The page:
But remember this. If 32 years separated the Jolson and Lewis versions, it has been 53 years since the Lewis take has been widely seen in any format beyond bootleg copies. Thus, we can and should view this color videotape from the Lewis archives as the archeological find it is, and if mawkish is still Singer’s middle name, so be it. For fans, the show gets off to a good start because we see Lewis playing the former Joey Rabinowitz (now changed to by Joey Robbins) in a nightclub act that’s reasonably zany yet not the full octane (read: walking-on-the-sides-of-his-feet) Jer. In other words, probably something akin to what Lewis’s own nightclub act was at the time. The updated story hook finds Joey whatever-his-name-is being considered for an appearance on a network TV special hosted by a glamorous songstress (Anna Maria Alberghetti, who gets one specialty number of her own). Unimpressed by this is Joey’s father (Eduard Franz, repeating his role from the Thomas/Curtiz movie), though mom (Molly Picon, four years before she played Frank Sinatra’s mother in the screen version of Neil Simon’s Come Blow Your Horn) tries to hold the family together.

Lewis stalwarts will appreciate the casting associations: Alberghetti would be the star’s romantic focus in the following year’s Cinderfella, and Del Moore’s casting as her aggressively rude associate predates his humiliation by the Buddy Love half of Lewis’s split personality in 1963’s The Nutty Professor. Playing the young Joey is Barry Gordon, captured in that child-actor period between 1955’s No. 6 Billboard hit “Nuttin’ for Christmas” and his memorable 1965 performance as Jason Robards’ nephew in A Thousand Clowns. You want more? There’s also Alan Reed in a small role; he was later the voice of Fred Flintstone.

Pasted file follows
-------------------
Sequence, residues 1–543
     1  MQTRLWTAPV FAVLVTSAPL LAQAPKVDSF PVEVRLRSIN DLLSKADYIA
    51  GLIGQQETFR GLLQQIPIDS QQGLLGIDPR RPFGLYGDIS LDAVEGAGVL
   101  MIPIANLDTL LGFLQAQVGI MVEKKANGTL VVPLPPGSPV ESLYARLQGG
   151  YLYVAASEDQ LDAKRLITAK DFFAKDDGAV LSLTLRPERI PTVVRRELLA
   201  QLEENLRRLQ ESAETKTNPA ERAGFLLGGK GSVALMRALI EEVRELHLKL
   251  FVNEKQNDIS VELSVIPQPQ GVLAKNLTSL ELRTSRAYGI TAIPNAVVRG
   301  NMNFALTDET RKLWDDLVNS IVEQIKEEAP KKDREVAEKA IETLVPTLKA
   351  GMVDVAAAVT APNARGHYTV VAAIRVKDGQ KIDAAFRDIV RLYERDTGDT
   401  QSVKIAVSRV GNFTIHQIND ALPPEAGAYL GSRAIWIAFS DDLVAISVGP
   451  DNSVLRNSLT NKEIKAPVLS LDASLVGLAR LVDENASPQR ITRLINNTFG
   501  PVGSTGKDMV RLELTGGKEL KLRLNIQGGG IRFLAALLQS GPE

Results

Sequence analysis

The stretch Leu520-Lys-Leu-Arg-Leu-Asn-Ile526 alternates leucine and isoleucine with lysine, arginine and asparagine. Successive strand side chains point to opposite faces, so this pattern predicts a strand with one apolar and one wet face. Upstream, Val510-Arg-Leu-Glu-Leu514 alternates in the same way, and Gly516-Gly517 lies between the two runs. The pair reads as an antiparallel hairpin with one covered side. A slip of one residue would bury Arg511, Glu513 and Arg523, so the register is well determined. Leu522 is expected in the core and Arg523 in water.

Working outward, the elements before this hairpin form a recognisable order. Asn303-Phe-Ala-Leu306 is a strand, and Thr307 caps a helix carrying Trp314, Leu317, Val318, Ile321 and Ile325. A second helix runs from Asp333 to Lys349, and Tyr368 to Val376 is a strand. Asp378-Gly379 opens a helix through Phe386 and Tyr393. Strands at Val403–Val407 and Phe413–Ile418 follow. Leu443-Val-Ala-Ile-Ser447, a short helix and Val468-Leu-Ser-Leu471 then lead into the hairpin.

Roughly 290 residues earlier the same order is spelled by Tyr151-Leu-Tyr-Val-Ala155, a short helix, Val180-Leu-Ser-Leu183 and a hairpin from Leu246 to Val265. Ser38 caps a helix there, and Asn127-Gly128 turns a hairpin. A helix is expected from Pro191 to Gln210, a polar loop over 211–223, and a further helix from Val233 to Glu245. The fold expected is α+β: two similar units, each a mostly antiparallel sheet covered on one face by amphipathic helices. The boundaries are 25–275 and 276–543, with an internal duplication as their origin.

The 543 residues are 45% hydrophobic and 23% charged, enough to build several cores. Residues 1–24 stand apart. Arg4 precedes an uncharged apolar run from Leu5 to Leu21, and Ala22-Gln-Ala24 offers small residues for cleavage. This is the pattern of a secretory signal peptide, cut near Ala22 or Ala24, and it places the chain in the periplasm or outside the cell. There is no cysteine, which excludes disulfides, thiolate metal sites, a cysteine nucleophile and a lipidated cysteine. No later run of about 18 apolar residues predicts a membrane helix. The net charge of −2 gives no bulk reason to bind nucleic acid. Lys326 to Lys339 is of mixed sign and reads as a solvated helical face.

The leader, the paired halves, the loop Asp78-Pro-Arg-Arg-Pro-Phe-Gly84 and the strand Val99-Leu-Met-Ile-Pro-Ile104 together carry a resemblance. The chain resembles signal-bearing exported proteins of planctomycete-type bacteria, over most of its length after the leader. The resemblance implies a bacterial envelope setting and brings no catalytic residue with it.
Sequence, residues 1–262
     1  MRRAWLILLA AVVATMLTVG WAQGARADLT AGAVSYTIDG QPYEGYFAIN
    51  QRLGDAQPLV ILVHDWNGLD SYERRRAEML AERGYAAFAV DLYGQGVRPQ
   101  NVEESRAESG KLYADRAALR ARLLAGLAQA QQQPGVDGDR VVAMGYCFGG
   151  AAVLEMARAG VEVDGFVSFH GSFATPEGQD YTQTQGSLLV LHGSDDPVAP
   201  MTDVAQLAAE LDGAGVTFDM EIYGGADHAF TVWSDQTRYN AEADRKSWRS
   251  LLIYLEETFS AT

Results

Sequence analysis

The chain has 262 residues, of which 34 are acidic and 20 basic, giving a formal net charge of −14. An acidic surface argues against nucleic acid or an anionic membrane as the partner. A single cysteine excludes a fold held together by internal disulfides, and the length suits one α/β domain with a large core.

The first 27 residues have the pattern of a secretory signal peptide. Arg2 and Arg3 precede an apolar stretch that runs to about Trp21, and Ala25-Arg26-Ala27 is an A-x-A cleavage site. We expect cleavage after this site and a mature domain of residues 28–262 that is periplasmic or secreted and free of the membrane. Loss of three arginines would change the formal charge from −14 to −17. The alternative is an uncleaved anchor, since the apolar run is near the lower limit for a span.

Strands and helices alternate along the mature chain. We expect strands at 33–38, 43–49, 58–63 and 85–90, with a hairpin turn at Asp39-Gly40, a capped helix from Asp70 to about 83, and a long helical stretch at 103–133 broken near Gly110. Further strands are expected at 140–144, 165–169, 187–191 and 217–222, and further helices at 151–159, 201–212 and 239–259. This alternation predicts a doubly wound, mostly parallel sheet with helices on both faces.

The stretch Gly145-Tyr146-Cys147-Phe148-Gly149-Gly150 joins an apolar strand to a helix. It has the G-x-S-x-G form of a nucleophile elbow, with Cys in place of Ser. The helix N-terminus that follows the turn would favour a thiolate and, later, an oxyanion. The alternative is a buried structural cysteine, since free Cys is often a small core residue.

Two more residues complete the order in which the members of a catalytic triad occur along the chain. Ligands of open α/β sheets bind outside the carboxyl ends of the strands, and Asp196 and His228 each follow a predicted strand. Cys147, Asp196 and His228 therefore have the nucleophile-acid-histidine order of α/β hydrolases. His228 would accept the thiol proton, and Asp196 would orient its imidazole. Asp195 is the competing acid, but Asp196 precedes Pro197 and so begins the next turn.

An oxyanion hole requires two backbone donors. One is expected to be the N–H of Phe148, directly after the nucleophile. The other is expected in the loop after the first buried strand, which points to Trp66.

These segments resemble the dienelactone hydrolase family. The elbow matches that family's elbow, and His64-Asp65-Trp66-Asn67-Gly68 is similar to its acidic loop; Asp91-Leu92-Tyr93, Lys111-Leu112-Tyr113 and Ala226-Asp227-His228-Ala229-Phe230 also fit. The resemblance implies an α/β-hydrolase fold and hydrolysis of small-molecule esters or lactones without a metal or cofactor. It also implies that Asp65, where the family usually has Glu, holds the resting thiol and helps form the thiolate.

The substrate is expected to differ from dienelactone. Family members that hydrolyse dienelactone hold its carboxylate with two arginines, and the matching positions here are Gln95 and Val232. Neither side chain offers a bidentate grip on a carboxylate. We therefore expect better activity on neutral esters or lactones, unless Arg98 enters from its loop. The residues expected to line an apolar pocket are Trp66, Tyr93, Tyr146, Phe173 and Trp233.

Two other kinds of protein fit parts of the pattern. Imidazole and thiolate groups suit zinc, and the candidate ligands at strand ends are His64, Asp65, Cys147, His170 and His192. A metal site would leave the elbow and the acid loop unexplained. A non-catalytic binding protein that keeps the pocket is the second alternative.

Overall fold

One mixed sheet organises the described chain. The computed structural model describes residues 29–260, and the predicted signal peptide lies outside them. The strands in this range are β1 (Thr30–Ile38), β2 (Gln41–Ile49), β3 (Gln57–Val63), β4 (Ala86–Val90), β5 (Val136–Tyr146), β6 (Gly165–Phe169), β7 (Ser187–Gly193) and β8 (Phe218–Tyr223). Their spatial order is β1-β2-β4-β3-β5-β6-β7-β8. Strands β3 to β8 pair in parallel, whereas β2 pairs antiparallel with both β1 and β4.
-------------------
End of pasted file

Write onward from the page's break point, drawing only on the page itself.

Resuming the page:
Live-TV veteran Ralph Nelson directs, and he must have been thinking, “I won an Emmy for the original Requiem for a Heavyweight; what the hell am I doing here?” If the DVD gets bonus points for also including a black-and-white kinescope version and a technical primer that features Lewis’s son Chris, the main selling point beyond the vehicle itself is, of course, the color videotape presentation — one of the earliest, to my knowledge, that still exists of a TV show (or at least has been made available). I can only think of predating Ernie Kovacs and Fred Astaire primitive color TV treasures that have surfaced in recent years, but maybe some reader can add to the tally.

Lewis goes for pathos at the end: Sporting heavy clown makeup right after his father’s death because Joey hasn’t had time to get out of his work clothes. This is reminiscent of the 3 Ring Circus Jer (1954), when Lewis (again in circus clown-ish mode) tried to combine tears and laughter — and overshot the sentiment. Even so, this beats my initial impression of the Singer cover-art makeup, which I briefly took to be the remnants of a blackface act. Given that Miles Davis’s Kind of Blue also came out in fall of ’59, this wouldn’t have been too cool — though even as it is, this is the kind of historical juxtaposition that crystallizes why this particular production (as grateful as I am to see it again and own it) would have never had a chance after, say, 1929.